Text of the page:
Year : 2016  |  Volume : 18  |  Issue : 6  |  Page : 882-888

Recent advances in bird sperm morphometric analysis and its role in male gamete characterization and reproduction technologies

1 Department of Animal Reproduction, INIA, 28040 Madrid, Spain
2 Veterinary Clinical and Research Services, Fieb Foundation, 28760 Tres Cantos, Madrid, Spain
3 FAUNIA, 28032 Madrid, Spain

Correspondence Address:
Dr. Julian Santiago-Moreno
Department of Animal Reproduction, INIA, 28040 Madrid
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Source of Support: None, Conflict of Interest: None

DOI: 10.4103/1008-682X.188660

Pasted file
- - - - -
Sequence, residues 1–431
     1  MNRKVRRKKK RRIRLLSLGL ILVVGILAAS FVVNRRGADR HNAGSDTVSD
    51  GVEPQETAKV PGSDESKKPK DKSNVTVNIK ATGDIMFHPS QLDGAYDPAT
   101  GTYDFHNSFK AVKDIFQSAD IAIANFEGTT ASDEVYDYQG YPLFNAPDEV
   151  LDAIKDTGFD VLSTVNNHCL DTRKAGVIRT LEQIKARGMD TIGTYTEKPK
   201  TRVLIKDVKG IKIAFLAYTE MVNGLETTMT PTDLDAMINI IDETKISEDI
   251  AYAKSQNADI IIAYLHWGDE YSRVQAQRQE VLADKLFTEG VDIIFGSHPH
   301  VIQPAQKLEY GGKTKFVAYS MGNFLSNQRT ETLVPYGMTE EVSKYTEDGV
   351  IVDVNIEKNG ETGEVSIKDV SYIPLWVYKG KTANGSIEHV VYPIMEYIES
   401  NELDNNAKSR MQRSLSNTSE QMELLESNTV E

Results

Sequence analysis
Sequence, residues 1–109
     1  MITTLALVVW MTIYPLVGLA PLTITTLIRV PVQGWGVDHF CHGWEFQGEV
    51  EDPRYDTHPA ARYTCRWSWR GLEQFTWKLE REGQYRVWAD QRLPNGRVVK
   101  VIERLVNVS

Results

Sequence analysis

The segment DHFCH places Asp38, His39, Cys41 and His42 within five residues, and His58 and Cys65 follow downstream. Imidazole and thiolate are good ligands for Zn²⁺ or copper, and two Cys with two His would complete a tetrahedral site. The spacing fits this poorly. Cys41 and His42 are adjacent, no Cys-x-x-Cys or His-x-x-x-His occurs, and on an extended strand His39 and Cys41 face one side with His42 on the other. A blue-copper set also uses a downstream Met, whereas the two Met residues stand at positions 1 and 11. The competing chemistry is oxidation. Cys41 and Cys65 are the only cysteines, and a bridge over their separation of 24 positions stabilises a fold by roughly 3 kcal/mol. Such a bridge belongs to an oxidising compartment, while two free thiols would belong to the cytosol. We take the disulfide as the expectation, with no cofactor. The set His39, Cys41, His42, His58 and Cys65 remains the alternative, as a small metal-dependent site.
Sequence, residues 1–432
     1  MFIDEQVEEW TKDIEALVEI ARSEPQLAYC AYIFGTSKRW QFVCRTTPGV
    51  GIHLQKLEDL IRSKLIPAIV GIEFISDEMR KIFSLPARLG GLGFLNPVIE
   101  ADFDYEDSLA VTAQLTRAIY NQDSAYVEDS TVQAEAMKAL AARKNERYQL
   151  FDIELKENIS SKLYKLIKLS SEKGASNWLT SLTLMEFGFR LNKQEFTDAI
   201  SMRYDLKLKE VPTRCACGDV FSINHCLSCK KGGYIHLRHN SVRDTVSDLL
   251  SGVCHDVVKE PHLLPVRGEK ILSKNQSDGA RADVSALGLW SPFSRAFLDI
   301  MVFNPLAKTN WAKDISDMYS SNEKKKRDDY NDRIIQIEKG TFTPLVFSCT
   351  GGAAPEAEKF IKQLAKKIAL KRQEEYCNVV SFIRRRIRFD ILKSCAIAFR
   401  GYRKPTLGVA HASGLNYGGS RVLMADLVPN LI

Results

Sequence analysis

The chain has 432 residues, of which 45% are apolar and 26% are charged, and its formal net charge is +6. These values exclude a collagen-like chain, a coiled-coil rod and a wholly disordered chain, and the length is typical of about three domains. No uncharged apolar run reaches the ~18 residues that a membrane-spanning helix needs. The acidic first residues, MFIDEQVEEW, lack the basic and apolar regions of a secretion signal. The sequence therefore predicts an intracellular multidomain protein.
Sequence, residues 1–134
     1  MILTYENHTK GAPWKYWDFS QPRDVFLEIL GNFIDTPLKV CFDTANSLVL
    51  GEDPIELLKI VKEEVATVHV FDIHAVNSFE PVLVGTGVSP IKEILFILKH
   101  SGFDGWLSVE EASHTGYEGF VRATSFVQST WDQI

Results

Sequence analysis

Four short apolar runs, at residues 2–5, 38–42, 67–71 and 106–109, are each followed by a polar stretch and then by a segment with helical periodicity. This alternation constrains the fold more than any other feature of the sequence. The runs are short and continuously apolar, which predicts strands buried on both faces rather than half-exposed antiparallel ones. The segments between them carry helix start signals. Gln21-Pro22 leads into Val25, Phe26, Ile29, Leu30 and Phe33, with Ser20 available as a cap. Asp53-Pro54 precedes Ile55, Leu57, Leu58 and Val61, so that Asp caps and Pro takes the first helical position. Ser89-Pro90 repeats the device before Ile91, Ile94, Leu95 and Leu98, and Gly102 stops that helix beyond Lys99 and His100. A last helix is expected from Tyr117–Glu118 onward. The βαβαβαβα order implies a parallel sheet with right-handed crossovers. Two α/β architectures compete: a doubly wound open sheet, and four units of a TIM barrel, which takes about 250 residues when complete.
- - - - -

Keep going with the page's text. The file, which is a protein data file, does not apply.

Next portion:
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Postcopulatory sexual selection through sperm competition may be an important evolutionary force affecting many reproductive traits, including sperm morphometrics. Environmental factors such as pollutants, pesticides, and climate change may affect different sperm traits, and thus reproduction, in sensitive bird species. Many sperm-handling processes used in assisted reproductive techniques may also affect the size of sperm cells. The accurately measured dimensions of sperm cell structures (especially the head) can thus be used as indicators of environmental influences, in improving our understanding of reproductive and evolutionary strategies, and for optimizing assisted reproductive techniques (e.g., sperm cryopreservation) for use with birds. Computer-assisted sperm morphometry analysis (CASA-Morph) provides an accurate and reliable method for assessing sperm morphometry, reducing the problem of subjectivity associated with human visual assessment. Computerized systems have been standardized for use with semen from different mammalian species. Avian spermatozoa, however, are filiform, limiting their analysis with such systems, which were developed to examine the approximately spherical heads of mammalian sperm cells. To help overcome this, the standardization of staining techniques to be used in computer-assessed light microscopical methods is a priority. The present review discusses these points and describes the sperm morphometric characteristics of several wild and domestic bird species.

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